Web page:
Helping You Find Solutions
Helping You Find Solutions
Castine Bernardy, graduate research assistant, Department of Civil and Environmental Engineering, University of New Hampshire
Corresponding author James P. Malley Jr., Ph.D., Professor of Civil and Environmental Engineering, University of New Hampshire
Worldwide concern over the risk of contracting or spreading COVID-19 has sparked widespread interest in using UV devices for air and surface disinfection. The purpose of this Operator’s Corner is to provide tips to the buyers and users of UV devices to inactivate air and surfaces. That market contains thousands of different products and is estimated to be $1 to $2 billion per year in sales. Unfortunately, it lacks uniform validation protocols, manufacturing specifications or guidelines. Hence, it can be the “Wild West” so “Let the Buyer/User Beware.”
Ultraviolet (UV) means many things
Buyers and users need to familiarize themselves in some fashion with the different types of UV including UV-A (wavelength: 315 to 400 nm), UV-B (wavelength: 280 to 315 nm), UV-C (wavelength: 200 to 280 nm) and Vacuum UV (wavelength: 100 to 200 nm). The wavelength ranges given here are based upon IUPAC Gold Book-2020, and for the discussion of disinfection by these UV devices, UV-C wavelengths should be the focus. A subset of that UV-C, which has received some recent attention, is far UV-C (200 to 225 nm) and this, at times, is vaguely and incorrectly simply called far UV. In general, the lower the wavelength, the more energy in the photons of light wave energy being employed by the device.
When discussing the disinfecting power of sunlight, consider a mixture of approximately 95% UV-A and 5% UV-B. Given enough time (days) these wavelengths surely have many effects, but it is a long timeframe and many other factors come into play, such as desiccation of the organisms on a surface, etc.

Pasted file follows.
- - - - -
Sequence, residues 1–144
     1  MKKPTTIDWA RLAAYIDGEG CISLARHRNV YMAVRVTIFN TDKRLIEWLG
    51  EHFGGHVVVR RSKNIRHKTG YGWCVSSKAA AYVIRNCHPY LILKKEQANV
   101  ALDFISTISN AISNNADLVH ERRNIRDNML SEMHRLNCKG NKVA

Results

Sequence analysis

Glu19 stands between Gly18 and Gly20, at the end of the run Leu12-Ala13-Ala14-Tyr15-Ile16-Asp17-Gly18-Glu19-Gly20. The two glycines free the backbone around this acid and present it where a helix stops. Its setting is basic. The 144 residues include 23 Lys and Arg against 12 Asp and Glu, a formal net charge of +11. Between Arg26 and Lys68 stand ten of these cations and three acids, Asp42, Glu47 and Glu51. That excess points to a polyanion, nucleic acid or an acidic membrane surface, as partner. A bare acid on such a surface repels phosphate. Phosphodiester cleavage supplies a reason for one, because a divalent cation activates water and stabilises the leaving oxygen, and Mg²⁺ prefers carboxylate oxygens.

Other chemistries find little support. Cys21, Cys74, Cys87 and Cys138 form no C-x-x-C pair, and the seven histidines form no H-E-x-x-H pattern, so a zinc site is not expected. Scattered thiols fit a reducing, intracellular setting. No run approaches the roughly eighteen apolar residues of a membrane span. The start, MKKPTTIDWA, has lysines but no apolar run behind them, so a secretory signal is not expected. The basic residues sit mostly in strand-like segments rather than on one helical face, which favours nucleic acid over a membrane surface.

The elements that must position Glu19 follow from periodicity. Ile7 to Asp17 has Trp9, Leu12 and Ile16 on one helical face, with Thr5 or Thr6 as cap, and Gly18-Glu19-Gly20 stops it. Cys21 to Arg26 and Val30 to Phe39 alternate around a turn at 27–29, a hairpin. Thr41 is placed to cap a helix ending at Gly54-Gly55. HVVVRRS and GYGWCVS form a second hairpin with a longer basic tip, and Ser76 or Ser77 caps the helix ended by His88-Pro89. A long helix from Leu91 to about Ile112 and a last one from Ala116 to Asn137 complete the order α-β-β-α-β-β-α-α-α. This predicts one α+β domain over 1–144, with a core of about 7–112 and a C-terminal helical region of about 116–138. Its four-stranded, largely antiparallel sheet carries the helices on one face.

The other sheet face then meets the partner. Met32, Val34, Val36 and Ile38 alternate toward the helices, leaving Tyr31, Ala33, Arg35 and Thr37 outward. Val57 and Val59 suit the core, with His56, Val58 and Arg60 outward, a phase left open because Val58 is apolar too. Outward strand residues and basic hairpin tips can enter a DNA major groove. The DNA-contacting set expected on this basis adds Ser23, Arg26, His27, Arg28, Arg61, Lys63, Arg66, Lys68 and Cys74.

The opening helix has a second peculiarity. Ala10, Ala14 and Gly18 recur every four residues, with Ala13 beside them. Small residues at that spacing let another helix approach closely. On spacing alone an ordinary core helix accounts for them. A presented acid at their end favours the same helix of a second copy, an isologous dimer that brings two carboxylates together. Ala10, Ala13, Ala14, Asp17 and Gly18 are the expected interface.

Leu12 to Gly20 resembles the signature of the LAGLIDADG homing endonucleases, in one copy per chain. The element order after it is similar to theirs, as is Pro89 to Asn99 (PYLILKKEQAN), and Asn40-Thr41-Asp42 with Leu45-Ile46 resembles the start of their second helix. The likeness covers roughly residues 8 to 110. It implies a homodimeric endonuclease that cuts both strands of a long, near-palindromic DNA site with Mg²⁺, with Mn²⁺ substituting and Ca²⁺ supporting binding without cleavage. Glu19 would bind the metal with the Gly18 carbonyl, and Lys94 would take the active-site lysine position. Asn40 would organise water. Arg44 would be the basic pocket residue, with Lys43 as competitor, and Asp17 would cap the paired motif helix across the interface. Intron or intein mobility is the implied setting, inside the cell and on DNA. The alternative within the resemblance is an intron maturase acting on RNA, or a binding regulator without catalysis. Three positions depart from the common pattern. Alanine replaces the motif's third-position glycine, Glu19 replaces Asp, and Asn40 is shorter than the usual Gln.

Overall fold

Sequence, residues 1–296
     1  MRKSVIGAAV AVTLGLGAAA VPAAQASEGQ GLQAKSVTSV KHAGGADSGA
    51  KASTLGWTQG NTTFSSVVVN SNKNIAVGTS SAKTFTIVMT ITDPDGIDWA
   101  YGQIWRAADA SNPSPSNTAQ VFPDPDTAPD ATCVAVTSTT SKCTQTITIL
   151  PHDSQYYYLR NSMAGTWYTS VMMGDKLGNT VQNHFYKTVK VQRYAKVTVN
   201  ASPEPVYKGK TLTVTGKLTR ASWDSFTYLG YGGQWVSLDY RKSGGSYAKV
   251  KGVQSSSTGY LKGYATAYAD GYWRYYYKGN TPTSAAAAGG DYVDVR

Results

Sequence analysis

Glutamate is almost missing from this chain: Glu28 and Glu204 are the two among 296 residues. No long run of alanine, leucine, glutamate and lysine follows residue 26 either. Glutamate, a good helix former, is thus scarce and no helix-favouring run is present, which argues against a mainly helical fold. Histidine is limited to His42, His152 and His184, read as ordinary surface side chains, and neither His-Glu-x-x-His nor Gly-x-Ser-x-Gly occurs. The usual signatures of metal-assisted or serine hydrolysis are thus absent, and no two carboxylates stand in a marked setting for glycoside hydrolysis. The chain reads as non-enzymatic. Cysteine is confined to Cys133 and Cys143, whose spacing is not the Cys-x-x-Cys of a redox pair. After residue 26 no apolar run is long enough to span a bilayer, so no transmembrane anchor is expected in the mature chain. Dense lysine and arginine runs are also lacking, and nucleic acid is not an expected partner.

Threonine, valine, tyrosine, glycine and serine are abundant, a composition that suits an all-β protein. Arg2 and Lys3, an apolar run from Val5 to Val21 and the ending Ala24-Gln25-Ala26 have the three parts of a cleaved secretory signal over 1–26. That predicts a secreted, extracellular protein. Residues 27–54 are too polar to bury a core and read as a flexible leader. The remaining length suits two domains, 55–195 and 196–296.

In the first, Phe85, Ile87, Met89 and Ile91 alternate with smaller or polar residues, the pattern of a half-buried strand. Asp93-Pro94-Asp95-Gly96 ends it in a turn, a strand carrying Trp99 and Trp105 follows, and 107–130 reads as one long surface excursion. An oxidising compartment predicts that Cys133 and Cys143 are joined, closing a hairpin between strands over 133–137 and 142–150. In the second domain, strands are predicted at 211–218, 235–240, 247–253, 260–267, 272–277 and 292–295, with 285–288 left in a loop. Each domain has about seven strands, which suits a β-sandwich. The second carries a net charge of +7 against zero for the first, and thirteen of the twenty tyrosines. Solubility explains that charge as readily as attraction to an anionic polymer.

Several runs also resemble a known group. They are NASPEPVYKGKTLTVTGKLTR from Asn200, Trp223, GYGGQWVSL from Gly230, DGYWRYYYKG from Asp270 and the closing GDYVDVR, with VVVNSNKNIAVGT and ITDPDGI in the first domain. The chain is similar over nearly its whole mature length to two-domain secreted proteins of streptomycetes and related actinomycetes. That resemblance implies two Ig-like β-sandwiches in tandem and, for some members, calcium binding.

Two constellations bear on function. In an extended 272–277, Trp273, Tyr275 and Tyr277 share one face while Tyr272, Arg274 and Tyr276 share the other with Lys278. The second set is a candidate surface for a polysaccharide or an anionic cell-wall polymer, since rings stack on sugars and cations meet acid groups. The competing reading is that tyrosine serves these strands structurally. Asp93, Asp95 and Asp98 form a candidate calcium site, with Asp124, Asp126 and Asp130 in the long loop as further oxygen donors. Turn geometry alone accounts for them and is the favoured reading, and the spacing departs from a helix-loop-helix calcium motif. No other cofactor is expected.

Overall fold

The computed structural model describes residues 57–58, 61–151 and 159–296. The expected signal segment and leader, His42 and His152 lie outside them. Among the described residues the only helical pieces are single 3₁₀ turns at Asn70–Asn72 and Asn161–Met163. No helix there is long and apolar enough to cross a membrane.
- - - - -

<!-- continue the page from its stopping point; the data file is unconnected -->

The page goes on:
There are many benefits to sunlight and fresh air, but sunlight is generally not considered as a practical disinfection option due to long timeframes.
All forms of UV have pros and cons, and careful consideration of which UV wavelengths are being used and for what purpose must be done. Dosing human and animal tissues with any forms of UV energy should not be done by buyers and users of these UV devices. Special cases performed by experienced medical professionals under very tightly controlled conditions for very specific medical problems may be found in internet searches, but “do not do this at home” is the best message for all buyers and users of UV devices.
Human and animal tissues should not come in contact with any forms of UV light unless it is performed by a medical facility under the careful control and monitoring by healthcare professionals. The UV devices sold to the public are not carefully regulated, and some advertisements make claims that are not supported by clinical medical trials and testing.
Time is not the most important factor
Often the information provided by advertisements and many very brief user manuals for UV devices simplify operations to talking about time.
All UV professionals recommend that UV device specifications be discussed in terms of delivered dose, since time is not the most important factor. The effectiveness of any UV device or application depends upon at least four key factors: a) the irradiance or fluence rate of the light source at specific wavelength(s) emitted (some refer to this as intensity or strength of light, but those are vague, non-technical terms), b) the optical geometry of the UV device or how it is to be applied, c) the type of organisms to be targeted, including such things as their action spectra and what amount of percent removal (or log inactivation) is desired and d) contact time. Of these lamp characteristics, optical geometry and organism characteristics are far more important than time.